Cobalt, however, faces bigger challenges than lithium, which has seen bigger price gains over the past two years amid lack of certainty over new supplies, stockpiling and traders taking speculative positions
The emergence of electric vehicles has seen Chinese companies go on a global hunt to secure lithium resources. Now they are rapidly clinching deals to get hold of cobalt whose supply is even more concentrated geographically.
Cobalt, a hard, shiny, greyish metal, a by-product of copper and nickel mining, has seen the biggest price increase among various metals used to make electric vehicle batteries after a demand boom began two years ago, according to Ciaran Roe, global manager of metals pricing at S&P Global Platts.
“Unlike manganese, lithium and nickel, cobalt is limited in supply not just in terms of tonnage but also origin,” he said. “I can’t think of another commodity where supply is so reliant on one origin nation than cobalt.”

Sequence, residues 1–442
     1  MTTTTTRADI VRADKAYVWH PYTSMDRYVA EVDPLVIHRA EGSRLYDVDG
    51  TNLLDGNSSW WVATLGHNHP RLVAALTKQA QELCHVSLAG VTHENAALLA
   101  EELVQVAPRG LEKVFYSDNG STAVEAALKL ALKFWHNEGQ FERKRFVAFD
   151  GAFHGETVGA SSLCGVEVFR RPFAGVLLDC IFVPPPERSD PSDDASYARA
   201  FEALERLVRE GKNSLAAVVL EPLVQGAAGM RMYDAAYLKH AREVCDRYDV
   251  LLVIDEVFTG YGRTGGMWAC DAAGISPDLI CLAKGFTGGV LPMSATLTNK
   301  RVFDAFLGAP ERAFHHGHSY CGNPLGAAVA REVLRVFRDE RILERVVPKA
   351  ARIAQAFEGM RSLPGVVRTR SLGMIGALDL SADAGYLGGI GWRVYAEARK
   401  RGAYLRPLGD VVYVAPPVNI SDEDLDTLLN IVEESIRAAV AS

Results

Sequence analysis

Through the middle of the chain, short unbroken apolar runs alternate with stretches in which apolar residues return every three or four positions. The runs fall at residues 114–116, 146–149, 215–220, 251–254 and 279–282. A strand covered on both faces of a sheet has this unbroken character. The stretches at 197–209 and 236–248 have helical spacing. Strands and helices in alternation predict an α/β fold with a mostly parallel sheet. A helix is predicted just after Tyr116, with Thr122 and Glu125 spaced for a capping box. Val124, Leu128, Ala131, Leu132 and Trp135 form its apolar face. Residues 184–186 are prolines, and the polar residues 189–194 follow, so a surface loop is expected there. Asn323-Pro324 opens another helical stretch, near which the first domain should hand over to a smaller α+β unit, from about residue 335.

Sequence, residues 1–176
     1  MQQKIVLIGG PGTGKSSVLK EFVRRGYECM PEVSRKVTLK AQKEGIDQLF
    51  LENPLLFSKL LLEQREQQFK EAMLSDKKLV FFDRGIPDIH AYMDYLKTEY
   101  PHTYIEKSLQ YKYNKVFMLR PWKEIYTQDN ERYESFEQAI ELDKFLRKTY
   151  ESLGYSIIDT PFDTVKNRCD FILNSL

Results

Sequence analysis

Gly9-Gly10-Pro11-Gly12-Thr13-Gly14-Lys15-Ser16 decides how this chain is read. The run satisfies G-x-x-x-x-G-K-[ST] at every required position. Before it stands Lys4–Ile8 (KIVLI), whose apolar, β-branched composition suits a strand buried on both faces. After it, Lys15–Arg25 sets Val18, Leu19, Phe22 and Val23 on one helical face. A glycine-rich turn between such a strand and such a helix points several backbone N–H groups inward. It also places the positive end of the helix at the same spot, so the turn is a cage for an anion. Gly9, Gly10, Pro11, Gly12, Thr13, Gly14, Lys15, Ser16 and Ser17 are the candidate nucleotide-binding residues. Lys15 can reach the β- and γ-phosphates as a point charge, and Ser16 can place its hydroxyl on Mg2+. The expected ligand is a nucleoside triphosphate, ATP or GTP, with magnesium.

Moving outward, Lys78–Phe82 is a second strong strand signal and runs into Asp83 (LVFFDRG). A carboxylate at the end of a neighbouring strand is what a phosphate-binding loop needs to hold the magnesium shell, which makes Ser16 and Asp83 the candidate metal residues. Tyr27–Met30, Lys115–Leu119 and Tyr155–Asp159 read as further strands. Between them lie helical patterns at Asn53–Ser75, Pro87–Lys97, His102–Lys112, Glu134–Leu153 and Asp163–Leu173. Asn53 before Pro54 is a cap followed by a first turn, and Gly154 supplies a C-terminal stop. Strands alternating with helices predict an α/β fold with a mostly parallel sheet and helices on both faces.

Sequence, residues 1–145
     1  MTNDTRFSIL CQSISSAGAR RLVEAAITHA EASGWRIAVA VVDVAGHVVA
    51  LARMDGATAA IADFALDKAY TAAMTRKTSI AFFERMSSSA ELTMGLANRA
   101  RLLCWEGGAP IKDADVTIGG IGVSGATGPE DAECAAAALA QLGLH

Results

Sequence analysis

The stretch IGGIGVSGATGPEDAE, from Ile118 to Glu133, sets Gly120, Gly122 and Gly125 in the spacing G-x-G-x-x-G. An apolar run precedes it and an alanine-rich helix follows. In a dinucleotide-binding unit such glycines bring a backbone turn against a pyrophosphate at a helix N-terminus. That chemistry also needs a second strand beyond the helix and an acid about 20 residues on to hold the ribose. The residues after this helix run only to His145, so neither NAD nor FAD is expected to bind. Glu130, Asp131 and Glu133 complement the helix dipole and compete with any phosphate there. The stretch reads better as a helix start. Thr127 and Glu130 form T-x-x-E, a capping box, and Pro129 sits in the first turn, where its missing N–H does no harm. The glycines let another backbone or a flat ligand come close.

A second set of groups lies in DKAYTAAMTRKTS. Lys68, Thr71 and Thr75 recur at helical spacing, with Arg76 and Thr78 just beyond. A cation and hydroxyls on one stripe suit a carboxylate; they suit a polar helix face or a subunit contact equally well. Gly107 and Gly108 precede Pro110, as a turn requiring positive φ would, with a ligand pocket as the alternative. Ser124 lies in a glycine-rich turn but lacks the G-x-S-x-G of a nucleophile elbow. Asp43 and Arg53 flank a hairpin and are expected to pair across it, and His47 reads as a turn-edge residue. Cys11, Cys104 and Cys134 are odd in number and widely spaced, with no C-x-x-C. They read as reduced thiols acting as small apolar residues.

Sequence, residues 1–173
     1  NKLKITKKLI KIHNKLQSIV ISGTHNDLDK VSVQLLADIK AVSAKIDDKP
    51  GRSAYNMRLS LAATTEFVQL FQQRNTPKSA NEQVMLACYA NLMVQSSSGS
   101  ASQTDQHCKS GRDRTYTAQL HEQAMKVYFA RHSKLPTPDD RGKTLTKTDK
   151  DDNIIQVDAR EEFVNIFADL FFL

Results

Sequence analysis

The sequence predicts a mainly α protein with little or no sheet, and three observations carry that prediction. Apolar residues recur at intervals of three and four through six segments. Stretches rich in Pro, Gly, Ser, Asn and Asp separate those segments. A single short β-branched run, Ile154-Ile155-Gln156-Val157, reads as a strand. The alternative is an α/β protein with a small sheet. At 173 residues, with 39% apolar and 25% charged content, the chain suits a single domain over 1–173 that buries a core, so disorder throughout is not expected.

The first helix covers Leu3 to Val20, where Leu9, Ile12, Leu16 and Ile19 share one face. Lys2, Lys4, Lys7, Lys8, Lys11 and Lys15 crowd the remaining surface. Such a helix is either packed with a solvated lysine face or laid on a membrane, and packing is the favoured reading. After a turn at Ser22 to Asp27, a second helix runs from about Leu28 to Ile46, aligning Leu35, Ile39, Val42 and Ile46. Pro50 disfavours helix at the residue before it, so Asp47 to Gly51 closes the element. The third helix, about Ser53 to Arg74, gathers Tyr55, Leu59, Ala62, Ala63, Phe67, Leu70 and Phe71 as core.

Almost 60 per cent of the world’s unrefined cobalt output last year came from the Democratic Republic of Congo in central Africa, whose output was more than 10 times that of the second producer Russia, according to US Geological Survey. Congo also has just over half the world’s reserves of the metal.
Although demand for lithium and cobalt is expected to rise two to three-fold in the eight years to 2025, the sources of new supply of cobalt is far less clear than that of lithium, Roe noted. While various new mines are in the pipeline in Canada and Finland, it will take time for them to ramp up production, he said.
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